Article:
Inter- and intra-rater reliability of clinical tests associated to functional lumbar segmental instability and motor control impairment in patients with LBP : a systematic review
Faculty of Medicine and Health Sciences
Philadelphia :W b saunders co-elsevier inc
Archives of physical medicine and rehabilitation. - Chicago, Ill., 1952, currens
, p. 151-164
University of Antwerp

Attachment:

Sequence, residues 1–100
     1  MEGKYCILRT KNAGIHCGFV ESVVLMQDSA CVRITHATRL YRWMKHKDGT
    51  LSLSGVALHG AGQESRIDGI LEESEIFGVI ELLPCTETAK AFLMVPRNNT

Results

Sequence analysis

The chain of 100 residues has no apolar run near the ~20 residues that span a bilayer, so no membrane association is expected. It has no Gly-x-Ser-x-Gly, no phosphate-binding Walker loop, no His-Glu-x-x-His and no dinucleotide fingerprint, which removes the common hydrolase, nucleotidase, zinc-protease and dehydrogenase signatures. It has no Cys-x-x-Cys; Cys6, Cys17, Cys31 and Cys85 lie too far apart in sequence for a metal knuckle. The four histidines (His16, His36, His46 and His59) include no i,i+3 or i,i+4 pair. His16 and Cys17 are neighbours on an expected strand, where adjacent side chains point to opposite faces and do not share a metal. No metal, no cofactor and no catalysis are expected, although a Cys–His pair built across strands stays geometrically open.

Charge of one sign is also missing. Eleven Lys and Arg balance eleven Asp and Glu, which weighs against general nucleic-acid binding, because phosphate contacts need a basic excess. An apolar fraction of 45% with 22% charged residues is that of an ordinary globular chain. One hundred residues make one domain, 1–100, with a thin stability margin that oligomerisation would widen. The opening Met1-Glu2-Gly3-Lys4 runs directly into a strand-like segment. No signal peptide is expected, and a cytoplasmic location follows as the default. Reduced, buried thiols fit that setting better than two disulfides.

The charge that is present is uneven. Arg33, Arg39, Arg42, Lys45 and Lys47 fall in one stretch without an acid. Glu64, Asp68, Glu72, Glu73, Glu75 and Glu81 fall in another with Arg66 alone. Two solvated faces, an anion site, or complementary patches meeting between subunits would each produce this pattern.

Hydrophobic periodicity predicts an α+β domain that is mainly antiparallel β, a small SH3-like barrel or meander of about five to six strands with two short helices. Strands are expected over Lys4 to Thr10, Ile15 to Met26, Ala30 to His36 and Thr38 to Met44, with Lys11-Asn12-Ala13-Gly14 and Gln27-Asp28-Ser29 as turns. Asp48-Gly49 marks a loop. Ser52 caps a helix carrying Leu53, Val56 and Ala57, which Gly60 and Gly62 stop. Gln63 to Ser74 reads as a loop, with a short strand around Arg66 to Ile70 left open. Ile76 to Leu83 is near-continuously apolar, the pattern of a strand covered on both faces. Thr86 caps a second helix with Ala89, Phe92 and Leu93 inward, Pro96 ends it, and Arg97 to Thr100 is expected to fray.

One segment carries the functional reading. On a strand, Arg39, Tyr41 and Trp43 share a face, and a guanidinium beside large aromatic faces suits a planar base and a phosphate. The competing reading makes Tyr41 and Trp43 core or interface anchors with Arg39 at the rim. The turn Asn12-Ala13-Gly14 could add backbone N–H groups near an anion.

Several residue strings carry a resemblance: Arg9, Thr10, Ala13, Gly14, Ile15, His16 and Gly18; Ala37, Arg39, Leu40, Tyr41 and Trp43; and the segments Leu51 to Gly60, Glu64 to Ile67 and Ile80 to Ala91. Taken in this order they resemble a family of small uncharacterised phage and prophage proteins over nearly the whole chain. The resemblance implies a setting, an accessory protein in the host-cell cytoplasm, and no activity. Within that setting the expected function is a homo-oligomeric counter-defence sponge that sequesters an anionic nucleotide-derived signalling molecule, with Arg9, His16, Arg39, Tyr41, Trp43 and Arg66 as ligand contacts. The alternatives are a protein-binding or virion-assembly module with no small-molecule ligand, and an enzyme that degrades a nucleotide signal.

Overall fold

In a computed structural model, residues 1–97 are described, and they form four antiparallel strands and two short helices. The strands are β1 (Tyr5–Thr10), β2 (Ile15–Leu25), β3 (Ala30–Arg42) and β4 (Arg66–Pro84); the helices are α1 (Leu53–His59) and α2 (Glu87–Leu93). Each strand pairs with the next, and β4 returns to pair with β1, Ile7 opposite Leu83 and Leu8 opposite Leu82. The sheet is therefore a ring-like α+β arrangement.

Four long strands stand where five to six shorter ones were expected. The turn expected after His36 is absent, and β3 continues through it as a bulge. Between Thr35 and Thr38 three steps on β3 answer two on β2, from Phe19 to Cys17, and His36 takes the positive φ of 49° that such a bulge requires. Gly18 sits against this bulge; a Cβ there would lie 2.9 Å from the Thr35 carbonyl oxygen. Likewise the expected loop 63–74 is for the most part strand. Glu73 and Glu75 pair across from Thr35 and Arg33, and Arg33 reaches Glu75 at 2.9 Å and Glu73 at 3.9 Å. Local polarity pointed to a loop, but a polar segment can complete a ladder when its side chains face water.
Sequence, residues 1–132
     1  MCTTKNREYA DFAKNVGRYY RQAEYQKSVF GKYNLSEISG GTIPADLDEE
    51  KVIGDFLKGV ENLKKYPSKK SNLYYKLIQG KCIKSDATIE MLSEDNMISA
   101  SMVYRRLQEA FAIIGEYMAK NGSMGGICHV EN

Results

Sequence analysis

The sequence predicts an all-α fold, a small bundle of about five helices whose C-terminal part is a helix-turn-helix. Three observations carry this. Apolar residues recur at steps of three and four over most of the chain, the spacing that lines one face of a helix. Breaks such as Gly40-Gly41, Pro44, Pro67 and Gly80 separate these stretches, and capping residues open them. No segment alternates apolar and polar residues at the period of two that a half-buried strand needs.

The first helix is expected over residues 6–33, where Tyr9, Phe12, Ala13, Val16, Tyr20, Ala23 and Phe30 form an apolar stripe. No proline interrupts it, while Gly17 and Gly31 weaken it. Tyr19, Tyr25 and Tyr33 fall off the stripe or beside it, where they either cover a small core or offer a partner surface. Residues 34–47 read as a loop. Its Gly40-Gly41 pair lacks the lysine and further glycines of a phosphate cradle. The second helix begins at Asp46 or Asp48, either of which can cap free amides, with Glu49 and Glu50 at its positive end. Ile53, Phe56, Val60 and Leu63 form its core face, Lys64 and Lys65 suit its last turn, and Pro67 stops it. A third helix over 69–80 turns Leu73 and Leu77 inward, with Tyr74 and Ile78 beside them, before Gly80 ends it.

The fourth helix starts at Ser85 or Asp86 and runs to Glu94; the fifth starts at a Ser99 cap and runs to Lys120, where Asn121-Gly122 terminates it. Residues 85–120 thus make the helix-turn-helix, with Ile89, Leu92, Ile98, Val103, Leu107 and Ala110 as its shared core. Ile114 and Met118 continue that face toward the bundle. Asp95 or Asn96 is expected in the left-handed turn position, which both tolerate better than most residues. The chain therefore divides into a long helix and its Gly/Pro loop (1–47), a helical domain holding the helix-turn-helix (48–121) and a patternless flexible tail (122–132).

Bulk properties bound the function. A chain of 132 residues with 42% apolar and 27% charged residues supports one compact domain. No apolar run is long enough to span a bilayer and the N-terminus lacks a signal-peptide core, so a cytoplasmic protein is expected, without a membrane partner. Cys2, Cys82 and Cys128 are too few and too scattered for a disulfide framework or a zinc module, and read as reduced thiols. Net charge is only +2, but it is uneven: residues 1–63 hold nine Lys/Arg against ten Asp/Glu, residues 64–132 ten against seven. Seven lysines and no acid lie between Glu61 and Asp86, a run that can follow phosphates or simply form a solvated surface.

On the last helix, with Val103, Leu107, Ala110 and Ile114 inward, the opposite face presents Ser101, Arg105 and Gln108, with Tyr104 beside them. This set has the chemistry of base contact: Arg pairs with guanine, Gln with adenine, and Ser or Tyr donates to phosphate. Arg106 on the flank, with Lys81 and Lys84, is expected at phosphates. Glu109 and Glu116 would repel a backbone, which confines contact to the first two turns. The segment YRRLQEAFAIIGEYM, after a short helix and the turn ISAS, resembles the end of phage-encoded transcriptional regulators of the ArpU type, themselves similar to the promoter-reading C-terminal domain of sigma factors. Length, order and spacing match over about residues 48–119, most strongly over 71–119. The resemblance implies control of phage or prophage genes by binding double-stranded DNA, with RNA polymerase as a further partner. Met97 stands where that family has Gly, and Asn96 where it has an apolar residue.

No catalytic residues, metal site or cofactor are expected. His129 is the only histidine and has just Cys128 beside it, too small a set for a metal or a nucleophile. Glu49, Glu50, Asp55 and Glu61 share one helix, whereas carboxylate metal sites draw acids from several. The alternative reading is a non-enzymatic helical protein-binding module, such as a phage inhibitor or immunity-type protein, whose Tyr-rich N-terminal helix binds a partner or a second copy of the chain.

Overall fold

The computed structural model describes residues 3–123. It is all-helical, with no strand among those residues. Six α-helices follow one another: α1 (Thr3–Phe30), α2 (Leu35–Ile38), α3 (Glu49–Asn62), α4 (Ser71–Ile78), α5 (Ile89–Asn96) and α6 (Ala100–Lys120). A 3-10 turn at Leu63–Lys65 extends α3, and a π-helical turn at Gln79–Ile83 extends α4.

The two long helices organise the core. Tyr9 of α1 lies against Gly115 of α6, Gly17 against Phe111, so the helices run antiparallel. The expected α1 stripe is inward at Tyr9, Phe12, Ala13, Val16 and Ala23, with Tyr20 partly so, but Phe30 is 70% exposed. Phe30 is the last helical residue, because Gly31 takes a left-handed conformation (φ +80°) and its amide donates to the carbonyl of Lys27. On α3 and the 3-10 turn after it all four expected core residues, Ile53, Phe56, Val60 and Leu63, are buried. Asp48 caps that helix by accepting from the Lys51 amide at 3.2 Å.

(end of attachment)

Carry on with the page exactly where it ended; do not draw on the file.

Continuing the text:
Objective To provide a comprehensive overview of clinical tests associated with functional lumbar segmental instability and motor control impairment in patients with low back pain (LBP) and to investigate their intra and/or inter-rater reliability. Data sources A systematic computerized search was conducted in four different databases on the 1st of December 2015: Pubmed (1972 - ) , Web of Science (1955 - ), Embase (1947 - ), Medline ( 1946 - ). Study selection PRISMA guidelines were followed during design, search and reporting stages of this review. The included population are patients with primary LBP. Data was extracted as follows: (1) description and scoring of the clinical tests (2) population characteristics (3) in- and exclusion criteria (4) description of the used procedures (5) results for both intra- and inter-rater reliability and eventually (6) notification on used statistical method. The risk of bias (ROB) of the included articles was assessed with the use of the COSMIN checklist. Data synthesis A total of 16 records were eligible and 30 clinical tests were identified. All included studies investigated inter-rater reliability and three studies investigated intra-rater reliability. The identified Inter-rater reliability scores ranged from poor to very good (k-0.09-0.89 and ICC 0.72-0.96) and the Intra-rater reliability scores ranged from fair to very good (k 0.51-0.86). Conclusions Three clinical tests (aberrant Movement pattern, prone instability test and the beighton scale) could be identified for having an adequate inter-rater reliability. No conclusions could be made for intra-rater reliability. However, further research should focus on better study designs, provide an overall agreement for uniformity and interpretation of clinical tests and should implement research regarding validity.